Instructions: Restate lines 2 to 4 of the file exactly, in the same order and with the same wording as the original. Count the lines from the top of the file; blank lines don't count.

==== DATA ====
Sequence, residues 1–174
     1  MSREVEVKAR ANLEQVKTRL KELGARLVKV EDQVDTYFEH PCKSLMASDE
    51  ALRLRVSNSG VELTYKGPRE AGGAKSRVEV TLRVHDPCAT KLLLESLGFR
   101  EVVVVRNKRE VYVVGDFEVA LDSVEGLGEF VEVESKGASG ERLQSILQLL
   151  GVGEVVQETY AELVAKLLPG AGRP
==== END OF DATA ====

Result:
     1  MSREVEVKAR ANLEQVKTRL KELGARLVKV EDQVDTYFEH PCKSLMASDE
    51  ALRLRVSNSG VELTYKGPRE AGGAKSRVEV TLRVHDPCAT KLLLESLGFR
   101  EVVVVRNKRE VYVVGDFEVA LDSVEGLGEF VEVESKGASG ERLQSILQLL